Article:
I now know that there was nothing I could have done to intercede. I may have had some knowledge of suicide but I was not you. I did not know how far you would go and when.

You fought a good fight brother. I admire your bravery. You wrestled and then reconciled with death. I could say that I know that if you had held on longer, better days could have come, but that helps no one now.

I feel tearful every time I consider how lonely and heartbroken you must have been on that night. That is bravery not cowardice.

Your Suicide is Not an Ending

Girl with balloon by Banksy - suicide is not an endingYou’re still here in my heart and mind.

I look at photographs of you and smile at that wide toothy grin.

I feel sad when I reflect upon what you have missed in our family’s lives.

Unannounced feelings of desperately missing you occasionally blindside me.

I’ll say your name and remember that it’s one of the best sounds I want to hear.

I’ll acknowledge your faults and foibles and not cast you as a saint just because you’re deceased.

I look at your son and marvel at what a great young man he is now, and how proud I’m sure you would have been of him.

The day you died wasn’t the ending you thought it would be. I guess you thought it was. That was the point. However you live on.

11 years later and we are still linked. The cord has not been severed because of suicide. I still count you in my number of siblings when I’m asked by strangers how many I have. You didn’t stop being my brother just because you died. That will never end.

Your death was never the end.

From the Duchess (I will allow this mocking nickname you had of me just this once, you git). x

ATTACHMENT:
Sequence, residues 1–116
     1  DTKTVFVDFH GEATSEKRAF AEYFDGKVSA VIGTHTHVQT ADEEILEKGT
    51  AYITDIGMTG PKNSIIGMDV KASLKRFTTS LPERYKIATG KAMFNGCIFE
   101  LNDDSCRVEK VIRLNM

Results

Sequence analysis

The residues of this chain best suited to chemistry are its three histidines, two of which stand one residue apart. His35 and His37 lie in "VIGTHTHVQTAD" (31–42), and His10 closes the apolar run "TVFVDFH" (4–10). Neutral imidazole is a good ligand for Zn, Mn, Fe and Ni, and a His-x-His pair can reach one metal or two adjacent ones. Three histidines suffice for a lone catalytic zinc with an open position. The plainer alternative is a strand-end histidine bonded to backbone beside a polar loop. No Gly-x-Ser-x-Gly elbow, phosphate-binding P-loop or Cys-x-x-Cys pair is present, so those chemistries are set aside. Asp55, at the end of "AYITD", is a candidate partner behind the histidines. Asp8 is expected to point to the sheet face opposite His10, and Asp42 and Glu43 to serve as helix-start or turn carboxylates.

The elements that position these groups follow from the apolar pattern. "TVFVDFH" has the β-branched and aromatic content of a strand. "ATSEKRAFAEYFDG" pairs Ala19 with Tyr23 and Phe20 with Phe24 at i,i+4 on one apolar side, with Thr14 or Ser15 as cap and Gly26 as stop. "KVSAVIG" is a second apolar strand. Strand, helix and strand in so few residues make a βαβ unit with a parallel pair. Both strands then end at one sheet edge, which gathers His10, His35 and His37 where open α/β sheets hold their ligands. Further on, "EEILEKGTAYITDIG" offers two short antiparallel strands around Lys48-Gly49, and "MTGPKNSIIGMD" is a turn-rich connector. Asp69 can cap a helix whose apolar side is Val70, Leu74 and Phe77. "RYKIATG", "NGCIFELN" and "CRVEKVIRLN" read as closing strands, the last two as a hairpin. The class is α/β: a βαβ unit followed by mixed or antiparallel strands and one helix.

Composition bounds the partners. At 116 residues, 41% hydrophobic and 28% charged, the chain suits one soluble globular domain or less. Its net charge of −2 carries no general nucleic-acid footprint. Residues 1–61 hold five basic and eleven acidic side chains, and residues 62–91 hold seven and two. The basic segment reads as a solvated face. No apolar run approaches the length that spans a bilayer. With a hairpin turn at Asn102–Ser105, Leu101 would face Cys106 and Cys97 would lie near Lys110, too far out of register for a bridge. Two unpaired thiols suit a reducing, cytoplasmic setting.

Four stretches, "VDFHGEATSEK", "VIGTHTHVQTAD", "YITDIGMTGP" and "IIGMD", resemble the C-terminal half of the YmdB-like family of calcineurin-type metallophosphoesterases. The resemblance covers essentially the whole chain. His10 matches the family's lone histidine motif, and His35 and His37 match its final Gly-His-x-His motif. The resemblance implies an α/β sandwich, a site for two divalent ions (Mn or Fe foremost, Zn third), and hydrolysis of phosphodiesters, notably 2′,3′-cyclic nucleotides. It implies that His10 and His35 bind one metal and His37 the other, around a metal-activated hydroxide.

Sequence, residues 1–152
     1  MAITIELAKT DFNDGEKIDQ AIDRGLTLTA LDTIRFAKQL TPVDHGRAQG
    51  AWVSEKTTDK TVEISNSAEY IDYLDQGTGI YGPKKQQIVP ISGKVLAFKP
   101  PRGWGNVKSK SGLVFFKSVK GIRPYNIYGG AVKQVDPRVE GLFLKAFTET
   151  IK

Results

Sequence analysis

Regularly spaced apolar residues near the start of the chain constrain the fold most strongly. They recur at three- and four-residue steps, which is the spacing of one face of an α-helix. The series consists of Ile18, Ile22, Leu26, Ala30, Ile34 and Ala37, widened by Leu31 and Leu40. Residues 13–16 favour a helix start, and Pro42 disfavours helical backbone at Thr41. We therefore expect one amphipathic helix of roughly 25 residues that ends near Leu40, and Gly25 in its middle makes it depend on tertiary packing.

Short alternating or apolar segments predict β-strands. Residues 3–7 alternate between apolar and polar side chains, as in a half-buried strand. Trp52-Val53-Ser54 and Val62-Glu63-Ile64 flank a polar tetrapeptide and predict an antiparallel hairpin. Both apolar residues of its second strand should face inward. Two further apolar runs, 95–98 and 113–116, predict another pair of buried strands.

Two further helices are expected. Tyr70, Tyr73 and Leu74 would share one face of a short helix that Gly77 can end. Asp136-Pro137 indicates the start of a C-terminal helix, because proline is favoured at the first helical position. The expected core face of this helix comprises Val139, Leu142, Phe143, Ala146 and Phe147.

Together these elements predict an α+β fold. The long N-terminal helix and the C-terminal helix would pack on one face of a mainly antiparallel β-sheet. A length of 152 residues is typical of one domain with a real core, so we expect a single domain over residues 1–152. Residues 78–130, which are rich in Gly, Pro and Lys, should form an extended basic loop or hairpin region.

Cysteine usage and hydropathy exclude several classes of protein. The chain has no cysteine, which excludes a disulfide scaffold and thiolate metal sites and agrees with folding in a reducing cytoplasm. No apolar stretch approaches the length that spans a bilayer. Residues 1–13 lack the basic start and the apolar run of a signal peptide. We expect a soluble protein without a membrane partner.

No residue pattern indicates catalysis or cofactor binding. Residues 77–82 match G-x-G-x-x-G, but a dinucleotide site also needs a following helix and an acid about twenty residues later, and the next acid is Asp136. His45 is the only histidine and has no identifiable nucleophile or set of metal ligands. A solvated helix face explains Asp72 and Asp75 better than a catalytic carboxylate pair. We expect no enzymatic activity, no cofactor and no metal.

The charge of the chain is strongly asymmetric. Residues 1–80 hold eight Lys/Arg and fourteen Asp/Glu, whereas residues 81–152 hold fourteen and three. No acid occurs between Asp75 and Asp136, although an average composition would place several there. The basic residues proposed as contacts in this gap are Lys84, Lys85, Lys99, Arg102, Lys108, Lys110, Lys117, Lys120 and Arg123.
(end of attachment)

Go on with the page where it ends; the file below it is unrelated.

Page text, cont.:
About Lisa Sell

Lisa Sell is a fiction writer and blogger. When not wrestling with words she can be found showing the love for chocolate, cheese, coffee, the cat, and the Husband. Not particularly in that order.

26 comments on “Suicide is Not an Ending: A Letter to My Brother

  1. Thank you for sharing your feelings. It doesn’t matter how long it took you to do it. The fact is that you did it. So sorry for the loss of your brother. But in your courage to share this very personal part of your life, I hope that your wish is granted, that someone else can gain something from your experience. I know that I did, I had the honor of being part of the public your shared with. Thank you!

    1. I truly believe that nothing is ever wasted. His life wasn’t, most certainly. His death doesn’t have to be either. I’d rather it had never happened of course but if we can take something from this and help others, it was never wasted. I’d rather have him here but that’s not the real world. Therefore we carry on and hope other families don’t have to go through this.

      Thanks for your beautiful comment.

  2. Although I consider myself a writer (ha) having read the heart wrenching words in your letter I have none. I am not religous but close my eyes in silent prayer for you and your much loved brother.

  3. Sending you and your family kind thoughts and hugs, Lisa. Thank you for sharing this letter. I hope that it will help others and become the legacy that your brother deserves. *hugs*

  4. This is so incredibly powerful. I wish that I could write more, but words escape me. I am just sitting here, soaking it all in. It is so important that you have shared this story. I am sorry that you went through this and that your brother decided to end his pain in such a way. The topic of suicide is still a taboo and its victims are often shamed or ignored. What a great thing you are doing for your brother, by sharing this out in the open, educating people and allowing others to find some comfort in it. You are an amazing sister. Love. xx

    1. Thanks Luna. I’m feeling humbled by this to be honest. I owe it to him so that people will know that behind every shocking suicide story is a person who once had a life and a family left behind.